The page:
Over the course of several books, Juliet Escoria has shown a remarkable ability to portray uncomfortable situations and elicit visceral emotions. Her audacious debut novel, Juliet the Maniac, vividly portrays a teenage girl caught in a downward spiral of mental illness and self-destruction. It’s rightfully collected accolades from across the literary map: Publishers Weekly called it “searing and intimate” and NPR praised it as “a nightmare journal of the space between girlhood and womanhood.” The New York Times noted that “Juliet’s level of general intensity can make Martin Amis characters read like prudes.”
It’s easy to get swept up in the work’s raw immediacy and overlook Escoria’s prodigious literary skills. She draws on autofiction techniques, but bends them to her own needs. Among the drugs, sex, and suicide attempts, she carefully modulates the tone so there are also moments of connection and tenderness.
Escoria and I talked about the novel for several hours online. I started by asking her about one of the book’s most important elements, whose sophistication might be easy to miss.
The Millions: One of the things I admire most about Juliet the Maniac is its unusual and inventive structure, the short chapters that sometimes only last a few sentences. What led you to that form?
Juliet Escoria: This was my third attempt at the book. The two earlier versions were much more traditional in form and structure, but they didn’t work. I decided that this time I would let the book do what it seemed to want to do, and it seemed to want to be more fragmented. Later, when I had some material and was starting to evaluate what I had come up with, it seemed to make perfect sense, in terms of the content—mental illness is a choppy, fragmented experience.
This is generally how I work: just let the writing do whatever it seems it wants to do, and then later take a step back and evaluate it, trying to figure out if what I did makes sense.
I also just like lots of white space on a page, both as a reader and a writer. It’s aesthetically more pleasing to me, and I think it helps the reader not get so distracted by their phones or whatever.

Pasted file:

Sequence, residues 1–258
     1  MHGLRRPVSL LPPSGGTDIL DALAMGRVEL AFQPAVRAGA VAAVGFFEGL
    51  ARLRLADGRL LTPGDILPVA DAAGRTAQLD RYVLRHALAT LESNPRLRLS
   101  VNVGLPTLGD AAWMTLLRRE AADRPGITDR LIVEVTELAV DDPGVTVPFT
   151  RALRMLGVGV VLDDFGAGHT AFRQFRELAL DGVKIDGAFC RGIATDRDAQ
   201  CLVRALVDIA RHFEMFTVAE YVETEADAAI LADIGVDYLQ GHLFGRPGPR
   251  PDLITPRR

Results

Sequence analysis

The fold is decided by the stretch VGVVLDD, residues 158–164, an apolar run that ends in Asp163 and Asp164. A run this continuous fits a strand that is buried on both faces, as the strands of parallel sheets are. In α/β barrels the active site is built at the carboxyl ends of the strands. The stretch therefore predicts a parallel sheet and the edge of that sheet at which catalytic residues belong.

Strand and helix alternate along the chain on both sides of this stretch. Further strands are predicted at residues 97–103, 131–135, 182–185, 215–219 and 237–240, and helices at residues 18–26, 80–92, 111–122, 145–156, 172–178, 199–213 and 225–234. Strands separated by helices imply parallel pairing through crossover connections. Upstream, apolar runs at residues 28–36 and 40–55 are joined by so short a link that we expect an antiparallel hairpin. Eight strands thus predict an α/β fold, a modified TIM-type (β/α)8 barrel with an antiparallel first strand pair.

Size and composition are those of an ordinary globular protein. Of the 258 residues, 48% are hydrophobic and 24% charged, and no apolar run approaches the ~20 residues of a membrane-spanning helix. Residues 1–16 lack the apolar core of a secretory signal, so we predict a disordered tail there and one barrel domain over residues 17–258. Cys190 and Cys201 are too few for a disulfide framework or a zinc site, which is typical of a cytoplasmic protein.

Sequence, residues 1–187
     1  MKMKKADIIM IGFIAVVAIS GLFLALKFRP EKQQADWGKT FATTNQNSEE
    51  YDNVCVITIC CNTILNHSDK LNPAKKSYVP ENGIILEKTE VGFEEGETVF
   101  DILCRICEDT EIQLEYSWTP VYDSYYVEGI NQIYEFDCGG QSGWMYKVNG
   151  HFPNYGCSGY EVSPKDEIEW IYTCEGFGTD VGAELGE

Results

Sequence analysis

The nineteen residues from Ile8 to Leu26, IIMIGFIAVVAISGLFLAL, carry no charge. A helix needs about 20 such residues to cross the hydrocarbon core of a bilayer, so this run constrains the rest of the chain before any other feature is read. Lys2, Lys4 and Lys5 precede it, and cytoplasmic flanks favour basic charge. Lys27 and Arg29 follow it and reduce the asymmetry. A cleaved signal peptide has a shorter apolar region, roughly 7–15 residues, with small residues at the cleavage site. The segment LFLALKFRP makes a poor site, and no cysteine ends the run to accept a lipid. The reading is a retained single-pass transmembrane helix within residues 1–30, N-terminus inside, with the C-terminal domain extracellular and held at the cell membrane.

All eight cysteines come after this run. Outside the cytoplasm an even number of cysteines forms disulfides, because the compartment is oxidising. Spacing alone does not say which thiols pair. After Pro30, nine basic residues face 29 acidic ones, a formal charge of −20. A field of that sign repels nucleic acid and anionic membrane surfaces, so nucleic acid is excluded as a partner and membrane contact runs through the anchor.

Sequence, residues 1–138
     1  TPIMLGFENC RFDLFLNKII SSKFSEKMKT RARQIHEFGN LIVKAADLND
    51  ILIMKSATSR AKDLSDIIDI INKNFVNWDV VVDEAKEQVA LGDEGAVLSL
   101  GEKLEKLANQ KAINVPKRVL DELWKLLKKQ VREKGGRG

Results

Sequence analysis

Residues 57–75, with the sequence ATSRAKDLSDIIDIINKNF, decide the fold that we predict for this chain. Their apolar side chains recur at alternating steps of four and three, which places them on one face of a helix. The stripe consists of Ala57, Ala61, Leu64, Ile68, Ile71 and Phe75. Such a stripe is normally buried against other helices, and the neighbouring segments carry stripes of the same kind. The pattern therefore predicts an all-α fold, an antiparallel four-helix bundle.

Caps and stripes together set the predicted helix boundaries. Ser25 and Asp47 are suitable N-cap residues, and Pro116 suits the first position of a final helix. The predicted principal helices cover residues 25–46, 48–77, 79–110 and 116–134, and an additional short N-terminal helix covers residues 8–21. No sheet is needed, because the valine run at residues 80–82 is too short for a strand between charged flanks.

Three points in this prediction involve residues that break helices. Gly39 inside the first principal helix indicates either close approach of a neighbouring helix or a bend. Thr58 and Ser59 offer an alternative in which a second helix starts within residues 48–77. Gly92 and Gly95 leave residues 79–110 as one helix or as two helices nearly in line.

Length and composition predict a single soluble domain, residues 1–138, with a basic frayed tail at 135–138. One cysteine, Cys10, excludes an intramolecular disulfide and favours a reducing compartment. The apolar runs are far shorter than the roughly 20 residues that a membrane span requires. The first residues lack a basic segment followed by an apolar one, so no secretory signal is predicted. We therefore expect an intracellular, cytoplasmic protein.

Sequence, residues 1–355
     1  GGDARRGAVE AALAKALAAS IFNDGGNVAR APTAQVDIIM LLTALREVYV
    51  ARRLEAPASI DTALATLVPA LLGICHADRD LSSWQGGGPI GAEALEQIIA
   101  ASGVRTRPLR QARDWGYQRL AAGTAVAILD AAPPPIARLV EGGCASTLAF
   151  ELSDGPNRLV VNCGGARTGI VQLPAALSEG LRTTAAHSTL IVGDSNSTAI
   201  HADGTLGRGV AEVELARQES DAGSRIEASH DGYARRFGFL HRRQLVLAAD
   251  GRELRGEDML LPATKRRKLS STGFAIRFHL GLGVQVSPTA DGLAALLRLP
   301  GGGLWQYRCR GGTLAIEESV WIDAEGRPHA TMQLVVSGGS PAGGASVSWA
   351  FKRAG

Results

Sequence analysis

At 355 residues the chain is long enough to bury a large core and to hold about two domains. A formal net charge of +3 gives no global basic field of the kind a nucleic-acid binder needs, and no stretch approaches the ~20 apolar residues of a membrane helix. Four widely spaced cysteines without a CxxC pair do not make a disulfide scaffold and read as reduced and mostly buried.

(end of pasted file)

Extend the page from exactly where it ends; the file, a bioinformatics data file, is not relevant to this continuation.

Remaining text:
TM: What inspired you to use the drawings, letters, lab reports, notes, etc. that appear throughout the novel? Were those documents part of the earlier versions or something that came later?
JE: They came with this third version, and were something that I added early on.
I had gone through my parents’ old folders as “research,” and there were my old report cards, test scores, doctor reports, etc., and it felt very much like “evidence,” like solid proof that this version of myself had indeed existed. This seemed like an interesting feeling to have, like a splitting of the self, which was something I wanted to try and replicate for the reader.
Again, it was an instinctual decision, which I kept in because I thought it added another layer to the story.
TM: I love all the documents. Did you have to convince the publisher to keep them in?
JE: I knew that the images would be a strike against the book when it came time to find a publisher, because for whatever stupid reason, publishers don’t like images (maybe because they’re a pain to format?). I had argued to keep them in when working on the manuscript with my agent, and the more I thought about it, the more I knew the book absolutely needed the images. So that was the main question I had when I initially got on the phone with Melville: Will you let me keep the images? My editor promised I would.
TM: As you were going through your parents’ folders, were there any things you found about your younger self that you’d remembered incorrectly or forgotten entirely?
JE: I was under the impression that I had a 504 as a teenager, and not an IEP (Individualized Education Plan). To explain the jargon, they’re both accommodations for students with disabilities. A 504 is more informal than an IEP, while an IEP designates the student as needing special educational services. But it turned out I was wrong, I had an IEP, and it was for being EMOTIONALLY DISTURBED, on my IEP in big, bold, capitalized letters, just like the fictional IEP in the book. That was shocking to read, that I’d been officially labeled by the school district as EMOTIONALLY DISTURBED.
It was also shocking to see the quick downturn in my grades, from mostly A’s, to C’s and F’s when my bipolar symptoms started to manifest.
TM: The novel clearly draws a lot of energy from your real life experiences. The most obvious way it signals this is that the narrator shares your name—but it’s your pen name. Where you ever tempted to give the narrator your real one?
JE: Yes, I was actually! That was the initial draft of the book—the character was named Julia J*ckson, my real name—asterisk because while my name isn’t a secret, I like to keep my teaching self separate from my writing self, because I have a lot of conservative students. I thought it was funny, to give a fictional character my real name, and to give myself a fictional name. But when I came up with the title for the book, it made me uncomfortable to call it Julia the Maniac. For whatever reason, using my teenage struggles with mental illness as a basis for a book was fine, yet having my real name on the cover seemed too intimate. It doesn’t make any sense, but emotions are often illogical.
TM: Did you ever conceive of the book as a memoir or was it always going to be a novel?